Christian Nissen aka Hein Mück (1893 – after 1955) was a German sailor and yachtsman, who served with the Abwehr and its special forces, the Brandenburgers in World War II.

Biography[edit | edit source]

Nissen was a very experienced sailor, who had sailed around Cape Horn several times and belonged to the international guild of Cape Horniers. As an experienced yachtsman too he got in the focus of Germany's Abwehr. The ghost sailors were an asset of Abwehr chief Admiral Wilhelm Canaris. Experienced yachtsmen trained by his special forces, the Brandenburgers, sailed the northern and southern Atlantic in World War II.

Operation Lobster I[edit | edit source]

In June 1940 Nissen had been called to the Sabotage School at Brandenburg an der Havel to prepare for Operation Lobster I and asked to find a boat suitable for transporting three agents to Ireland. Nissen had served in World War I aboard the Imperial German Navy full rigged ship Melpomene. Melpomene had been captured by the Royal Navy 100 miles (160 km) west of the port of Queenstown, now Cobh, in County Cork. He was interned first at Templemore in Tipperary, then in Oldcastle, County Meath, and finally on the Isle of Man. Therefore, Nissen was familiar with this area. He selected the "Soizic", a luxurious 36-foot (11 m) yacht from the harbour in Brest Bay for the voyage. The boat was fitted out like a French fishing vessel and had previously belonged to the French military attaché in Berne. The mission was successful, but the agents were arrested in Ireland two hours after getting at shore.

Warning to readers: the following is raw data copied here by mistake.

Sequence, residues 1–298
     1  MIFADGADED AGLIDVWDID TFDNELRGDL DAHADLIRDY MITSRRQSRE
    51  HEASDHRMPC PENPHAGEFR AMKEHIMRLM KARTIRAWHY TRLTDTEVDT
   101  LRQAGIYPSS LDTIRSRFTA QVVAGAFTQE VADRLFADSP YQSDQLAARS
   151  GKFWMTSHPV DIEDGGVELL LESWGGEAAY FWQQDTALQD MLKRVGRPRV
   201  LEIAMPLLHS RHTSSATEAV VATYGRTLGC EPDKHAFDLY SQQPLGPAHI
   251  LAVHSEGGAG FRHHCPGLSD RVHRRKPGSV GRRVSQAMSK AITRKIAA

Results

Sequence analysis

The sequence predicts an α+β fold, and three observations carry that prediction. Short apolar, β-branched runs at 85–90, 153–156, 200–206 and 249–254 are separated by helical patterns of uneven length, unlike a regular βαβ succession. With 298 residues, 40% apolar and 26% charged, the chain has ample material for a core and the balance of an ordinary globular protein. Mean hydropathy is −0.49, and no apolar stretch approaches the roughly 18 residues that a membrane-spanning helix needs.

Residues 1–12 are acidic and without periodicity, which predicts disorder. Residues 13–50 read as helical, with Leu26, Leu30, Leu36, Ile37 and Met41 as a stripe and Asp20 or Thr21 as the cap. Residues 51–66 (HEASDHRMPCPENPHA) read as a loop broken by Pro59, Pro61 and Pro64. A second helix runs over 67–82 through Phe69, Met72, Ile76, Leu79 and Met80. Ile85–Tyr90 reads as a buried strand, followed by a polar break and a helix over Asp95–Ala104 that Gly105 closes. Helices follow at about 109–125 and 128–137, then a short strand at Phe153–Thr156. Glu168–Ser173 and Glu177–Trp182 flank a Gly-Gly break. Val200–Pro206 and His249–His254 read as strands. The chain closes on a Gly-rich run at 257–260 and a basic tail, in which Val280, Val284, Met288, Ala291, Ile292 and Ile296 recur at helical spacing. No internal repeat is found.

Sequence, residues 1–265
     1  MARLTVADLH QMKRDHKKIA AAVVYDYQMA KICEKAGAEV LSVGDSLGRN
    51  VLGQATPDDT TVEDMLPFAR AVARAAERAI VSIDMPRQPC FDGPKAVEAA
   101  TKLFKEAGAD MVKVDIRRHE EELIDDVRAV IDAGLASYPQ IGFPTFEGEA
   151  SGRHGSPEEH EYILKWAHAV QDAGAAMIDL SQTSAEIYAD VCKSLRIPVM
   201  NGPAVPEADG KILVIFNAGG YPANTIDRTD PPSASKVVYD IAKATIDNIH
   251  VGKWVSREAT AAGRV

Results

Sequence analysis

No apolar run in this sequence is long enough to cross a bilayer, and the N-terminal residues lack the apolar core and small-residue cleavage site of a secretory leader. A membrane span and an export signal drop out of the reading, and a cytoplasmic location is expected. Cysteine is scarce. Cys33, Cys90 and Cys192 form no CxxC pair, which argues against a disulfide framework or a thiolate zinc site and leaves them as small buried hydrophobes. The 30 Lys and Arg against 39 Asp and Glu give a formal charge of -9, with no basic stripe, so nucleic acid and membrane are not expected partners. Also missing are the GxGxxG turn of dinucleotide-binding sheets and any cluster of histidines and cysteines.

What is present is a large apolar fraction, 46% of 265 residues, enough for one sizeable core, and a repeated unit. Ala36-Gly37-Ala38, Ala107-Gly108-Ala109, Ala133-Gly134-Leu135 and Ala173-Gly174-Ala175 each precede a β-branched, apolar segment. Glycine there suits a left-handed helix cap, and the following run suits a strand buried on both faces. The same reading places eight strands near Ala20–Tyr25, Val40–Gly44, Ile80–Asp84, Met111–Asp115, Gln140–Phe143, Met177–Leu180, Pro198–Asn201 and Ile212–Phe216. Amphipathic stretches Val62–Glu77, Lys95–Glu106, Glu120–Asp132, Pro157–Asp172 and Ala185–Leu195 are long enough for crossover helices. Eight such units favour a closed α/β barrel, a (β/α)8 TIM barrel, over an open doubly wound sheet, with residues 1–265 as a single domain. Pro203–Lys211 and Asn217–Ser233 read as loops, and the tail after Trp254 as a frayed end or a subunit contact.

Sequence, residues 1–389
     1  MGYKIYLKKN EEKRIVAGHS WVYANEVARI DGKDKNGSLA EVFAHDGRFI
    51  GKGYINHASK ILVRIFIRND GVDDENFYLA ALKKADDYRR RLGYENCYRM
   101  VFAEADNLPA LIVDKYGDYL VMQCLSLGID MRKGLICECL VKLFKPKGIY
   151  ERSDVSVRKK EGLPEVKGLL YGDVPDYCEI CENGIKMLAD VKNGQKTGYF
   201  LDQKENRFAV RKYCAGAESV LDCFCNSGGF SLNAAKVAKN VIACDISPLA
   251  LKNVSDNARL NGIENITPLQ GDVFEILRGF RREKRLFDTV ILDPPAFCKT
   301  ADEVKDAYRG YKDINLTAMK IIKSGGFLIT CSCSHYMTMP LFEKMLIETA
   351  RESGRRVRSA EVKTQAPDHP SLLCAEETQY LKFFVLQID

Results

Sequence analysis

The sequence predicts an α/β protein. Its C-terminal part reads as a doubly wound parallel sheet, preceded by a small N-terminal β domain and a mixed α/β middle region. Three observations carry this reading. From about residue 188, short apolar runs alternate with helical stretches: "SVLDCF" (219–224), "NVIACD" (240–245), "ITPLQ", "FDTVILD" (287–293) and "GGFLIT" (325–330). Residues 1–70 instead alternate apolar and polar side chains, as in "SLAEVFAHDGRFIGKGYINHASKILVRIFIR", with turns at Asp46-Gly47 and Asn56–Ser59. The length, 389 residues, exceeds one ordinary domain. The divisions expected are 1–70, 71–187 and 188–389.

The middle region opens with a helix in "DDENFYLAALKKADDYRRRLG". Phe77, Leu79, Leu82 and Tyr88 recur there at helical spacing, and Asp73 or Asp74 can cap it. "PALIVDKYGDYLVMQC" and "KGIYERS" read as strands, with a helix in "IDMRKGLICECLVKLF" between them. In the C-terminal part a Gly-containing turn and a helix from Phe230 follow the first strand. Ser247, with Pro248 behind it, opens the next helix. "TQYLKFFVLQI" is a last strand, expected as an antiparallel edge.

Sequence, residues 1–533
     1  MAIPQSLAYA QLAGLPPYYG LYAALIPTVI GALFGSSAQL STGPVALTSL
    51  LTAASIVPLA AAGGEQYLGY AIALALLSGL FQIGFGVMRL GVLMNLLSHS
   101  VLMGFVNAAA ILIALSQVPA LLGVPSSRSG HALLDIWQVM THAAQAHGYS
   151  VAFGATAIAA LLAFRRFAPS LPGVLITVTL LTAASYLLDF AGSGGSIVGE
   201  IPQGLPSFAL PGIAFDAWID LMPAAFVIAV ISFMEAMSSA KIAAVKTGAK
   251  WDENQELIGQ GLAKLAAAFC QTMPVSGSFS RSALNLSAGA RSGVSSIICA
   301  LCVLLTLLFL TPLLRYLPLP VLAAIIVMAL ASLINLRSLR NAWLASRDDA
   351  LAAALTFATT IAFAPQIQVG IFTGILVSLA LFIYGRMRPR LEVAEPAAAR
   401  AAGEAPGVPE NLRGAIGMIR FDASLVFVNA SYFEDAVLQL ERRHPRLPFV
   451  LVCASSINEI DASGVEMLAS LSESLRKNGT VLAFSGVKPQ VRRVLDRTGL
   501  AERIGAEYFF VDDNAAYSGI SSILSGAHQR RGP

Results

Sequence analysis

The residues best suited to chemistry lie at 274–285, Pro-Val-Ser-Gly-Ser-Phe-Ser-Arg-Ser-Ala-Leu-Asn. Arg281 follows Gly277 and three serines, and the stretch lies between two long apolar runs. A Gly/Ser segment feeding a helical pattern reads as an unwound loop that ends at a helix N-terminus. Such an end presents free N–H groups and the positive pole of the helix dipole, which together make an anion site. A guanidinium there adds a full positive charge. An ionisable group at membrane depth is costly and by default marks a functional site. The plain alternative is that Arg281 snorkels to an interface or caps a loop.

Operation Seagull[edit | edit source]

Operation Lobster was followed by Operation Seagull (Ireland) in late summer 1940. Nissen's orders were to transport an NCO. from the Brandenburgers, Helmut Clissmann, and one Abwehr I. radio operator to the southern coast of Ireland to carry out their mission. The vessel chosen was the "Anni Braz-Bihen". Clissmann was stationed at Westende, Belgium in readiness for the operation. Nissen received his orders from his direct superior in the Regiment, Captain Hollman. The mission failed.

Operation Hawthorne[edit | edit source]

Operation Hawthorn, in German "Operation Weissdorn" was a piece of outstanding yachtmanship in those days. Lieutenant (S), S indicating "Special Leader", Christian Nissen, also known as Hein Mück brought the South African Boxer Robey Leibbrandt with a confiscated French sailboat Klyoe from St. Malo, France, down to South Africa and dropped him with a rubber dinghy at the coast northwest of Cape Town.[1] Klyoe had a crew of six, including Heinrich Garbers, who later on became such a commander too. They performed a non-stop voyage of Template:Convert/nmi, which ended in Spanish Sahara, from where the took the plane to Rome and further on home to Berlin.

References[edit | edit source]

  1. Whiteing, Charles (July 2002). "Robey Leibbrandt and Operation Weissdorn". The South African Military History Society KwaZulu-Natal Branch Newsletter (326). http://samilitaryhistory.org/2/d02julne.html. 

External links[edit | edit source]

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